Life Can Change in a Heartbeat



August 18, 2018, was a beautiful day in Wisconsin’s Northwoods. The third annual Minocqua Dragon Boat Festival was in full swing, the sun shone andthe water sparkled as the dragon boats raced across the lake. Crowds of spectators lined the shore and strolled the streets.

Jennifer Gitzlaff and Michael Kellner, paramedics with Oneida County EMS and Ascension, were on duty at the festival grounds when a call came over their radio. There was a three-car accident. They radioed back that they were on their way.

The pair jumped on their specially outfitted EMS bicycles and were at the accident scene in under two minutes, well ahead of the ambulance that had to navigate roads crowded with cars and pedestrians. Once there they began identifying the injured, catalogingand treating injuries. They relayed information to the incoming ambulances so they’d know what to expect on arrival.

“It went so smoothly,” commented Jennifer, bike team manager. “It was the first time we used the bikes on a call and it worked out reallywell.”

The bikes each carry about 13.7 pounds of advanced life support equipment. This gear includes a defibrillator, IVs, medications, trauma dressings, bandages and more. They essentially carry everything that is on the ambulance, except for a cardiac monitor. The bikes are usedin pairs at special events. At least one person per pair must be a paramedic. Right now, all bike team members happen to be paramedics.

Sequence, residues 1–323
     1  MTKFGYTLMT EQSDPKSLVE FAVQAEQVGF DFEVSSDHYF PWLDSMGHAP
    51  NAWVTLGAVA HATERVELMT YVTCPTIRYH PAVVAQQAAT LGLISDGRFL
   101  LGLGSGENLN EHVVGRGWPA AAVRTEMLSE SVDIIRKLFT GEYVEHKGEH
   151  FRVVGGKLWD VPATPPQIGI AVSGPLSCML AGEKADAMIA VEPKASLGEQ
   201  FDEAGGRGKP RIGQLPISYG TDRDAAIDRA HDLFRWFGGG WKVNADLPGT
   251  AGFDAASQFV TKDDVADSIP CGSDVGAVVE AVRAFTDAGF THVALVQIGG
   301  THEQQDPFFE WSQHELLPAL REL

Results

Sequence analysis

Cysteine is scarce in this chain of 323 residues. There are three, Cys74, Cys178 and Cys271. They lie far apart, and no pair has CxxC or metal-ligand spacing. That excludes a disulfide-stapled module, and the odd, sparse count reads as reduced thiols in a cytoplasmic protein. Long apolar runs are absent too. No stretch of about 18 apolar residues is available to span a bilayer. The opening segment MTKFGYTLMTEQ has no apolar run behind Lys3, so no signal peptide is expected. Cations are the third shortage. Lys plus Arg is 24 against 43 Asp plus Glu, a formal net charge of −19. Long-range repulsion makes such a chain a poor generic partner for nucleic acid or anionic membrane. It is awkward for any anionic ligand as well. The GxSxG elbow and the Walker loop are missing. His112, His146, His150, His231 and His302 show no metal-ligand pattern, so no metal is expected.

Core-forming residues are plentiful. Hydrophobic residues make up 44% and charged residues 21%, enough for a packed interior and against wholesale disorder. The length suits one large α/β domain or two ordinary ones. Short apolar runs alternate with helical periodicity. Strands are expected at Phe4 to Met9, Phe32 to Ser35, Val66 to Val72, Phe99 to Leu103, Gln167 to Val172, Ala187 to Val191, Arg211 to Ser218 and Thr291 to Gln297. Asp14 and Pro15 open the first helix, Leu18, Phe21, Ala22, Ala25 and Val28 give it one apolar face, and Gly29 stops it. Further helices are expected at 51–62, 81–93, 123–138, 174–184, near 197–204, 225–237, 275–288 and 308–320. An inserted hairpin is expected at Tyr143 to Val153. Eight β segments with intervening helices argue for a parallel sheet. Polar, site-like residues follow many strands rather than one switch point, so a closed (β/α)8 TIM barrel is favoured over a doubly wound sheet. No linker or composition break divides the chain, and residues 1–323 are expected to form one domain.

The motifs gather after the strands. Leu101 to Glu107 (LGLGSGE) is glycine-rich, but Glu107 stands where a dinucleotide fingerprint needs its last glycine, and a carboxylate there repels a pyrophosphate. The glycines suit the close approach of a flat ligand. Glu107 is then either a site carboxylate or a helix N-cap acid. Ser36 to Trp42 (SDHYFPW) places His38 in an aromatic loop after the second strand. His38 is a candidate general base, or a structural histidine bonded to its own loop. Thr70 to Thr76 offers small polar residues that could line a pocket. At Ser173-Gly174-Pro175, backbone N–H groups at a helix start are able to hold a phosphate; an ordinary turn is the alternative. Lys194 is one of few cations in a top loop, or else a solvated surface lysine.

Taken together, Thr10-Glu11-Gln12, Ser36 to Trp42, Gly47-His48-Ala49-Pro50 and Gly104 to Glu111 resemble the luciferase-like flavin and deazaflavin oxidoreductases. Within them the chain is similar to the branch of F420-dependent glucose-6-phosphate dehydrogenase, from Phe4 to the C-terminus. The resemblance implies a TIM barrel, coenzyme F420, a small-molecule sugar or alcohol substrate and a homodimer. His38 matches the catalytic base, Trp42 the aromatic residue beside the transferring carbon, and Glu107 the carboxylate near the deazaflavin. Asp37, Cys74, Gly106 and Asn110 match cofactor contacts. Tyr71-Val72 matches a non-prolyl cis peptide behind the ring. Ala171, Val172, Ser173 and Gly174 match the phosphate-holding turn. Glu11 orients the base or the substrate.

The Howard Young Foundation funded the start-up costs for four EMS bikes andOneida EMS funds the ongoing program.

“I can’t say enough good things about the Howard Young Foundation,” Jennifer said. “If you needsomething in the community related to EMS or healthcare, they’re interested. And they make the application process pretty easy.”

One unexpected benefit to having the EMS bikes, in addition to rapid response even through congested roads, is that the paramedics get to interact more with the public in non-emergency situations.

“When we’re staffing special events, we are always walking around with our bikes andpeople come up to chat,” recounted Jennifer. “Usually when people meet paramedics it’s not a great time in their life. Thisgives them an opportunity to talk with us without being in an emergency situation.”

The EMS bikes are used throughout the summer to staff special events in the community, including the Dragon Boat Festival and the 4thof July celebration.


Please join the Howard Young Foundation in supporting exceptional healthcare in our community. Go to www.howardyoungfoundation.orgto learn more.

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Why I Give

Sandy Grambow, RN, BSN, had her sights set on working for the Howard Young Medical Center (HYMC) from the beginning of her career. On August 2, 1976she started at Lakeland Memorial Hospital and helped transfer patients through the tunnel to the brand new HYMC in 1977.

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